On this day in 1988 Public Enemy released It Takes A Nation of Millions To Hold Us Back, an album that would eventually be regarded as one of the most influential and important albums of all time.
Recorded under the working title “Countdown to Armageddon,” It Takes A Nation of Millions to Hold Us Back began production with the goal of creating hip hop’s equivalent to Marvin Gaye’s legendary “What’s Going On” concept album — soulful, technically innovative, and politically conscious.
“Years of saved-up ideas were compiled into one focused aural missile,” Chuck said of the album. Production of the album, headed up by Hank Shocklee, Eric “Vietnam” Sadler, and the rest of The Bomb Squad crew, was inspired by the aggressive, politically charged lyrics Chuck D wrote, and in turn, Chuck was inspired by the dense, innovative sounds Shocklee & the Bomb Squad were creating. “We actually had an intricate way of developing sound, arranging the sound. We had musicians like Eric Sadler…Hank Shocklee, the Phil Spector of hip hop. You’ve got to give the credit as it’s due, if Phil Spector has the Wall of Sound, Hank Shocklee has the Wall of Noise.” Chuck told The Quietus in 2008.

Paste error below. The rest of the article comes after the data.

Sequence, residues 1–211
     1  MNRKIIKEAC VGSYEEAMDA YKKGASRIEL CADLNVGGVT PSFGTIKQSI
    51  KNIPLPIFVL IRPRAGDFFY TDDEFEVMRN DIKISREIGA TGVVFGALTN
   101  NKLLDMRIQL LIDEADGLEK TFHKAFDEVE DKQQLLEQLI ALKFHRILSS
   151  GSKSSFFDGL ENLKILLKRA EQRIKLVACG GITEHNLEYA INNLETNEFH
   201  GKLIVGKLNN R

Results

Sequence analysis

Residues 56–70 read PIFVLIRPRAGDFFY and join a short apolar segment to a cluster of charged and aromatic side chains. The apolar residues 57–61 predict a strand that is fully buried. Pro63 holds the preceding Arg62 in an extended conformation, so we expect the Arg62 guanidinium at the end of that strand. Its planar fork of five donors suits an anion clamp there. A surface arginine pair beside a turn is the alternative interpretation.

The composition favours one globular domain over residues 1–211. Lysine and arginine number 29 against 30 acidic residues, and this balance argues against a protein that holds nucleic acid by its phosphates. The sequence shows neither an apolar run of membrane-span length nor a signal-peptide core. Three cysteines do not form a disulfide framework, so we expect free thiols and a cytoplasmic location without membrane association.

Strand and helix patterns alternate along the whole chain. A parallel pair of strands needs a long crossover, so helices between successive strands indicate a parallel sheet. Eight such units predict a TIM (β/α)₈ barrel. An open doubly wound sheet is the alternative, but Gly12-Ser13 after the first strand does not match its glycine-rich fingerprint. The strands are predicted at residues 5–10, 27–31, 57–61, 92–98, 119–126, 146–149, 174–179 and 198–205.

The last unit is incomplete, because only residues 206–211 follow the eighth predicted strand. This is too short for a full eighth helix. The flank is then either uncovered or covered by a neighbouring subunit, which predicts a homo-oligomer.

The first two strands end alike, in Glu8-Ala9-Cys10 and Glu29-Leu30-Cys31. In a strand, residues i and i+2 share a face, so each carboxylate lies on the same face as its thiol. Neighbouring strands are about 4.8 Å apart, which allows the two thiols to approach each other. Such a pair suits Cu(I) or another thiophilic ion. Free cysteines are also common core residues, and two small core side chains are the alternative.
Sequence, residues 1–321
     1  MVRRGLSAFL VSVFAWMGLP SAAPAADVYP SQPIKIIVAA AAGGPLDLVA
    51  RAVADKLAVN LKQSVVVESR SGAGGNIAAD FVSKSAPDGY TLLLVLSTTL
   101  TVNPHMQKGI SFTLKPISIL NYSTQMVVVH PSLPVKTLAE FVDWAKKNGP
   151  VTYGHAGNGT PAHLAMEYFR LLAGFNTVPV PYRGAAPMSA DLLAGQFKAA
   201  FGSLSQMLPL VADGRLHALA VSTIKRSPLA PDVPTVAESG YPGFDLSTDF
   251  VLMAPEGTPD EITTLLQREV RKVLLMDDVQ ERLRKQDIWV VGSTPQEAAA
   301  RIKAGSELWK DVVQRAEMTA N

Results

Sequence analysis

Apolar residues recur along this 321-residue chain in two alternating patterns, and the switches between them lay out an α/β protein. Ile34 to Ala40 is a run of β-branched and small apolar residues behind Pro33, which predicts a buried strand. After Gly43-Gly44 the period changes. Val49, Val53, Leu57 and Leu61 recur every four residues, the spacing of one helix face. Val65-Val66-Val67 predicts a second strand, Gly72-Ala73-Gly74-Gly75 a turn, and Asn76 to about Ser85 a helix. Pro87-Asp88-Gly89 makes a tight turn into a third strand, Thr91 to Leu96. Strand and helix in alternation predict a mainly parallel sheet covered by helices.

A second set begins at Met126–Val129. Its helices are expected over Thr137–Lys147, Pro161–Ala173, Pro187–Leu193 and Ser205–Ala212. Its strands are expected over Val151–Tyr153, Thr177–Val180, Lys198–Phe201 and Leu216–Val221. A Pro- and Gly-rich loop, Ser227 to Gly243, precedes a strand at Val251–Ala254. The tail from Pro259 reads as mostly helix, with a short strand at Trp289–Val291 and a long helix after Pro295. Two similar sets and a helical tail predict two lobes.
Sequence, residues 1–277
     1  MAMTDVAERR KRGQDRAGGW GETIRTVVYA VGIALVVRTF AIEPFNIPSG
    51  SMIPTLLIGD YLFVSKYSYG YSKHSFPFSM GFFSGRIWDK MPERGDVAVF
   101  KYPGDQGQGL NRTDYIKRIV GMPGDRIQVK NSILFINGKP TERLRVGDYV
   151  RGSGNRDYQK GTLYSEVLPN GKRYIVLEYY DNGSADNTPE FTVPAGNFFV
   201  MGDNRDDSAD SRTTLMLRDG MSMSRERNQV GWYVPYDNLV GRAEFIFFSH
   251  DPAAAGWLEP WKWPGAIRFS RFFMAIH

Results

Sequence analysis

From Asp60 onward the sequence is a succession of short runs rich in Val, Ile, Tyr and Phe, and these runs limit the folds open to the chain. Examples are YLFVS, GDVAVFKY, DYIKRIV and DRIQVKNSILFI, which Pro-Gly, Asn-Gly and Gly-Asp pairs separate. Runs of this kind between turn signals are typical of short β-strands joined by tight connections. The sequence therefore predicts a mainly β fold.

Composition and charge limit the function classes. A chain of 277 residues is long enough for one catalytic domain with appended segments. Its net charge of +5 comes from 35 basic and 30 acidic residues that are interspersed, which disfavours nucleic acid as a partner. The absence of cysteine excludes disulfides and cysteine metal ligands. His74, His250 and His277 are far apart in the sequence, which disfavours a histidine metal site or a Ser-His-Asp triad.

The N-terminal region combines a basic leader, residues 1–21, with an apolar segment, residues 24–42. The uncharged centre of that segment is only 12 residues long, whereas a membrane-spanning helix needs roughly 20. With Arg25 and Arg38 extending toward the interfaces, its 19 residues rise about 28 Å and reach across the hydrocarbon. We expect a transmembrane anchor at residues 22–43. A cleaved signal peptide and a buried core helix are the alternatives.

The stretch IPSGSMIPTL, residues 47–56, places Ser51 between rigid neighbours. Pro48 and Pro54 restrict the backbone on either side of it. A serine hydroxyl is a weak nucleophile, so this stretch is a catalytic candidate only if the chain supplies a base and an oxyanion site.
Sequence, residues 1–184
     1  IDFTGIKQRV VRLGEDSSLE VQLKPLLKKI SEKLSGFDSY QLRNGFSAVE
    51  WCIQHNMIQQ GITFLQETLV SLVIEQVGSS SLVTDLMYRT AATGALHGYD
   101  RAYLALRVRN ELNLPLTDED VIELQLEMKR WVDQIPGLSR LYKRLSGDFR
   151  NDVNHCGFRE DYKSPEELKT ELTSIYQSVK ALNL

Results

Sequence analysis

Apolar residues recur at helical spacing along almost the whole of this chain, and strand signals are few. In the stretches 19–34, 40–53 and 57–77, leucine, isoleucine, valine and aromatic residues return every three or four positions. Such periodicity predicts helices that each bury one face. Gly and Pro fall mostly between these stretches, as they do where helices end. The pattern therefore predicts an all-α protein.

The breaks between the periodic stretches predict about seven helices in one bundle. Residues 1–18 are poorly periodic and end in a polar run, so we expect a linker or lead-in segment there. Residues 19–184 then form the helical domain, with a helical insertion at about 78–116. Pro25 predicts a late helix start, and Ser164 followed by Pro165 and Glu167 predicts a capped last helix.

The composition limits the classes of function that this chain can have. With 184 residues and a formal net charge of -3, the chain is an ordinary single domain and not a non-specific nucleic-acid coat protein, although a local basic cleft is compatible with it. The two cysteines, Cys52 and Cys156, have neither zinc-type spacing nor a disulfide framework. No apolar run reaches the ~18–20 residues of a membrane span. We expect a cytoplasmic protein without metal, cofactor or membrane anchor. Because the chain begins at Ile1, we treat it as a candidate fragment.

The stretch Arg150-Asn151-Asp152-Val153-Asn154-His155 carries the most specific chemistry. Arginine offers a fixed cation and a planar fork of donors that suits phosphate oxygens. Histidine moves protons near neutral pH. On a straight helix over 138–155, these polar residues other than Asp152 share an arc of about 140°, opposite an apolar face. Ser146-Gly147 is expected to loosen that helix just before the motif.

The album was extremely well received, both critically and commercially, at the time of its release, but in the almost three decades since then, It Takes A Nation of Millions To Hold Us Back has built up a near mythic reputation as one of hip hop’s most important works. Credited with inspiring future generations of socially conscious artists, the album has received perfect review scores from outlets like Pitchfork and NME, and is frequently cited by many critics and other musicians, including Nirvana’s Kurt Cobain, as one of their favorite albums — in any genre — of all time.
The album’s themes of black empowerment and fighting back against institutionalized white supremacy and commercialism are just as relevant now as they were in 1988. “It amazed me that a lot of people who have gravitated to the album weren’t even born when it was recorded,” Chuck said told Metro in 2009 in regards to the album’s continued ability to resonate with new audiences.